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Medical giant designs in Amimon wireless

12/30/2008 06:00 AM EST
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rick merritt
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re: Medical giant designs in Amimon wireless
rick merritt   1/11/2009 4:25:49 AM
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Love to hear from you on this TestLabber...

ORTV
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re: Medical giant designs in Amimon wireless
ORTV   1/10/2009 6:28:17 PM
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Hi Rick: my sources tell me this is an exclusive deal, we ourselves were talking to Amimon so this is regrettable, but if they have gone exclusive, then we will be looking for alternatives (of which there are a few). This is a shame, because yet again, one of the endoscopic companies wants to take video and make it proprietary. Their problem is that they cannot sell enough cameras to actually really make their own ( they all have Sony or Panasonic or Toshiba CCD chip blocks etc). So they look for other ways to force the customer to use "their" video system - i have heard it said on many occasions that only a monitor supplied by them will work with a camera supplied by them, how ridiculous! All customers would agree with you last comment, however, sadly, this is not what the endoscopic manufacturers want to give you.

rick merritt
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re: Medical giant designs in Amimon wireless
rick merritt   1/9/2009 4:35:50 PM
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Whoa, Mr. Stryker Engineer! I have been covering the CE and computer industries for a few years now and the trend is clearly away from closed to open systems. Medical, like many verticals, is behind these faster moving industries and the trends they are setting. In fact, medical is behind-er given all the FDA stuff you have to slog through. So learn the lesson: avoid wasted years of non-interoperable systems and go right for the win of open interfaces first. Believe me if I am in OR I want you to have easy access to the best systems out there, no matter who made them...and thank for chiming in Stryker engineer!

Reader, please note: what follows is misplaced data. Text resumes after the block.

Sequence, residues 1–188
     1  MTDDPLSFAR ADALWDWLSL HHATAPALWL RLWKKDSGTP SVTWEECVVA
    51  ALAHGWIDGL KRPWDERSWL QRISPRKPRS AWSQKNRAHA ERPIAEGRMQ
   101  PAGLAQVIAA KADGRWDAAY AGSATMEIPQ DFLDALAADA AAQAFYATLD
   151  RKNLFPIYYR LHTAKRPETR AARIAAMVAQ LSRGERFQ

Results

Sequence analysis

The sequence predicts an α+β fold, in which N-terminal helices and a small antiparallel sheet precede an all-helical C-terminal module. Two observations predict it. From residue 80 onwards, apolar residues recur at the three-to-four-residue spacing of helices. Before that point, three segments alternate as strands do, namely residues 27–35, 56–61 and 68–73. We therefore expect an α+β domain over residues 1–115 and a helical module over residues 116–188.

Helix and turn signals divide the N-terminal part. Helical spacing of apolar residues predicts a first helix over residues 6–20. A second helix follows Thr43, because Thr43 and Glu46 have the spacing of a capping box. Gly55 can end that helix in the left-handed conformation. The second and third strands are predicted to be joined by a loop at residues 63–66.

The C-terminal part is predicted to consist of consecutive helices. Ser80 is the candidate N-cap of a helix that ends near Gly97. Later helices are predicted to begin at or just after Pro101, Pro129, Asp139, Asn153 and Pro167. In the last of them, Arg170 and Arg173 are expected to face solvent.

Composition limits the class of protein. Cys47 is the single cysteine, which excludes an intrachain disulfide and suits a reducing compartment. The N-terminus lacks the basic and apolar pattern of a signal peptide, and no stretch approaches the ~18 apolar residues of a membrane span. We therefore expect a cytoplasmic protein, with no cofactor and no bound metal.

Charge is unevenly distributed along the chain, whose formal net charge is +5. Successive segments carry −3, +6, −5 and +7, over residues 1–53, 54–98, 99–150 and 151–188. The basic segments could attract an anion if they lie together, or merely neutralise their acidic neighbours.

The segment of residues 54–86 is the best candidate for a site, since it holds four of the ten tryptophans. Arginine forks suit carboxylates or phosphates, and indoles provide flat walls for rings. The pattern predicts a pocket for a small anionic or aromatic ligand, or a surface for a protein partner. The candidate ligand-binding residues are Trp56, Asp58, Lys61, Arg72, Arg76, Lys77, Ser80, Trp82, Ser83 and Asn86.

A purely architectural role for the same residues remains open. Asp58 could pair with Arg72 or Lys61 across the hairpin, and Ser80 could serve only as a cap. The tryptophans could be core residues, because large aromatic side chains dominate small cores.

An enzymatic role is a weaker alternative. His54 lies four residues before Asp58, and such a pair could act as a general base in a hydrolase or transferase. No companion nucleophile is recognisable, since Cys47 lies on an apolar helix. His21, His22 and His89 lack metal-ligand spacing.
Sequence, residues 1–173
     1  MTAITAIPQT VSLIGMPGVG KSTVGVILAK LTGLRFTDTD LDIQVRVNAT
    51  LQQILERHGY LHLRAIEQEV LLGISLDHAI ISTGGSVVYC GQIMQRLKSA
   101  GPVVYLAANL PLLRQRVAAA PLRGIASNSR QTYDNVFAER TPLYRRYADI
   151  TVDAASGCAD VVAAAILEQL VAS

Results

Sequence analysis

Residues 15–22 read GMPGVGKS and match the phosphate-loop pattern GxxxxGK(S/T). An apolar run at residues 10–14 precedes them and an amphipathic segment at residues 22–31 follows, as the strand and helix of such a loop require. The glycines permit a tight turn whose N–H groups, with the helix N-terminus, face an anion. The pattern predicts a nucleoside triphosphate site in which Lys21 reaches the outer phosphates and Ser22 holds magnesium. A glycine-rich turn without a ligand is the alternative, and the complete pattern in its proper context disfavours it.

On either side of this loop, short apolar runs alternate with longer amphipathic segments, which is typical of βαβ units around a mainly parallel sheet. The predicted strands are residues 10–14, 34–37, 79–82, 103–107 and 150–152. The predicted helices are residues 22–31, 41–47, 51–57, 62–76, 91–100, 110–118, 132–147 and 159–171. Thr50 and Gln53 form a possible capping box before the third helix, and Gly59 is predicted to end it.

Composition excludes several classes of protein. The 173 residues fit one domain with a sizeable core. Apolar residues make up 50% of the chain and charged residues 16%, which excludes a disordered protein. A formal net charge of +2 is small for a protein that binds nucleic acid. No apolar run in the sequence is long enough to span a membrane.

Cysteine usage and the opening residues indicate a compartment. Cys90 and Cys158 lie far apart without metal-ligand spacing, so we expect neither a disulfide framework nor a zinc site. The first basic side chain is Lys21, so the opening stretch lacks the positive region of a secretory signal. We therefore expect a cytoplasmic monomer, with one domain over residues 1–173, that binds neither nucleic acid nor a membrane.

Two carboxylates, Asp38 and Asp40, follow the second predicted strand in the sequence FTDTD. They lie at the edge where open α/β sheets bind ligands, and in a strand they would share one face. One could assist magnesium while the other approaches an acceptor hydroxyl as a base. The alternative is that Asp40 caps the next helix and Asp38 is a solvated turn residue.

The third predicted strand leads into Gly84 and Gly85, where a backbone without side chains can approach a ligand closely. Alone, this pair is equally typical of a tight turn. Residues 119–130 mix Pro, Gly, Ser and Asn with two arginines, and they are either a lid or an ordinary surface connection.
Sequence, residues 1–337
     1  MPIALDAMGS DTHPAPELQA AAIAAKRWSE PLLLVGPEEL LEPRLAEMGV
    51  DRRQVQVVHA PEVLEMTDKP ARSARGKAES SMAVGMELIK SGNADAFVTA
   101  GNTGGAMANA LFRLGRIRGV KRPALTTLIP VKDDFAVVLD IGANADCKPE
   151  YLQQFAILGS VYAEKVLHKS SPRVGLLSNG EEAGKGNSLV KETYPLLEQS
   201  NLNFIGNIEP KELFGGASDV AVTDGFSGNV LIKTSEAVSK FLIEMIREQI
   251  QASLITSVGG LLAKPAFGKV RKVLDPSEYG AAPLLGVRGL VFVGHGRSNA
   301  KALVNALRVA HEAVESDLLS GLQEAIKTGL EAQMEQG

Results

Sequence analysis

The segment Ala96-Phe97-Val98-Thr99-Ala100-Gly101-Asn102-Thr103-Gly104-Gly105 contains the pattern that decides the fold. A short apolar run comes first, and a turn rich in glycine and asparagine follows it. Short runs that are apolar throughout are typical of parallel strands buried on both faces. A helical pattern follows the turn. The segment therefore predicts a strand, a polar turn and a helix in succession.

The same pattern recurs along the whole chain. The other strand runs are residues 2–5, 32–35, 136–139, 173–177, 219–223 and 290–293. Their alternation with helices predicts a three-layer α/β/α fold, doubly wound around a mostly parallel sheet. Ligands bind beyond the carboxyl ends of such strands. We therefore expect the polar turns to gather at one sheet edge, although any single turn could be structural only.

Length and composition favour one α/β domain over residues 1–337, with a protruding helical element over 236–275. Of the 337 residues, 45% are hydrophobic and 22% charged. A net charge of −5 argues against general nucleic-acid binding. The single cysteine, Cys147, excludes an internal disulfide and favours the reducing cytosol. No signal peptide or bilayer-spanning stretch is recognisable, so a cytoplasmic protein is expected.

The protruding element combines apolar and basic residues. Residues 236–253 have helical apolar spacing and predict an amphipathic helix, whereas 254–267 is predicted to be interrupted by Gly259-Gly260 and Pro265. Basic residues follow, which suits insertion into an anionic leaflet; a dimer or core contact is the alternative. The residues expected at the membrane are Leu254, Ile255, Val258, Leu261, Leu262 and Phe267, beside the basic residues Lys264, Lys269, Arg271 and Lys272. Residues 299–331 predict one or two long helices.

ORTV
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re: Medical giant designs in Amimon wireless
ORTV   1/9/2009 10:29:27 AM
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TestLabber, thank you for your comments. Without getting bogged down with the detail , MPEG4 is an open system which developers choose to make proprietary by selecting which features to implement. It is the basis of video-conferencing so it has to be natively open (unless all video phones must be one manufacturer). I do take your point about bringing in a mobile monitor to view the camera without adding a wire - that is probably the best use of the technology - I never meant to imply it was useless. However, where you do know where the monitor will be (i.e. on the end of a surgical arm) then it is unnecessary - HDSDI cable is really not a problem - it is a coaxial cable much like an aerial lead and it is much more reliable than adding more active devices. As a general rule of thumb, the more electronic boxes you have in a system, the more potential for failure. But you are certainly correct in that certain scenarios make this an ideal solution to a tricky problem and to get away from DVI .

TestLabber
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re: Medical giant designs in Amimon wireless
TestLabber   1/9/2009 12:59:53 AM